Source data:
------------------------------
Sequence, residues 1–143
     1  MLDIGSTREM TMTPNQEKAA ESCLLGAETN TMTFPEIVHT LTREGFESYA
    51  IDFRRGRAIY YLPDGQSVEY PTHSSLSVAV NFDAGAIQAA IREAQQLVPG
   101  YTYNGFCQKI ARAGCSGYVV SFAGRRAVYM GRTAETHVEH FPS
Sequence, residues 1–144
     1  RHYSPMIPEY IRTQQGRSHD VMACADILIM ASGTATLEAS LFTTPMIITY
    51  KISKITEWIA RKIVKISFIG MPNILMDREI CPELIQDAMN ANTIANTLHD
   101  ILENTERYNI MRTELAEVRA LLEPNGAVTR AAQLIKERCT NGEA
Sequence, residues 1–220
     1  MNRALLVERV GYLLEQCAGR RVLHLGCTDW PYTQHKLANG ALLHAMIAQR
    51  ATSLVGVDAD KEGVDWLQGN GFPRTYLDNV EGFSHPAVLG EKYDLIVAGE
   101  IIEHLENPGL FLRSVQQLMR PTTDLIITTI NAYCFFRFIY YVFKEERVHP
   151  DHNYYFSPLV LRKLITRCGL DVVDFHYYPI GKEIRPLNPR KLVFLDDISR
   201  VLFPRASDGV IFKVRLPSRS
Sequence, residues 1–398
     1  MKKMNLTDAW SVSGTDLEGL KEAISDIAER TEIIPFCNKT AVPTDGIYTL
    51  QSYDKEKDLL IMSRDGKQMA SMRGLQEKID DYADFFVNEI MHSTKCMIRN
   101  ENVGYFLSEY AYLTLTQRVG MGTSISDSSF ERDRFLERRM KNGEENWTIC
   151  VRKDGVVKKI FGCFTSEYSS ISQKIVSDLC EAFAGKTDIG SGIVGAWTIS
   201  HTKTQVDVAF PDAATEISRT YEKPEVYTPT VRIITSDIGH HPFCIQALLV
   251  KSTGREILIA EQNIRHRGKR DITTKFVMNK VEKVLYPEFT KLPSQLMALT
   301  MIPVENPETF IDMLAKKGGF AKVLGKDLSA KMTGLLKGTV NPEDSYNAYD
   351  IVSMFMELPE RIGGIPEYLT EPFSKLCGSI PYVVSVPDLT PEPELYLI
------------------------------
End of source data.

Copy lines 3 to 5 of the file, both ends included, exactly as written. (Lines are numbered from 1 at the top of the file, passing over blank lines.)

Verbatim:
    51  IDFRRGRAIY YLPDGQSVEY PTHSSLSVAV NFDAGAIQAA IREAQQLVPG
   101  YTYNGFCQKI ARAGCSGYVV SFAGRRAVYM GRTAETHVEH FPS
Sequence, residues 1–144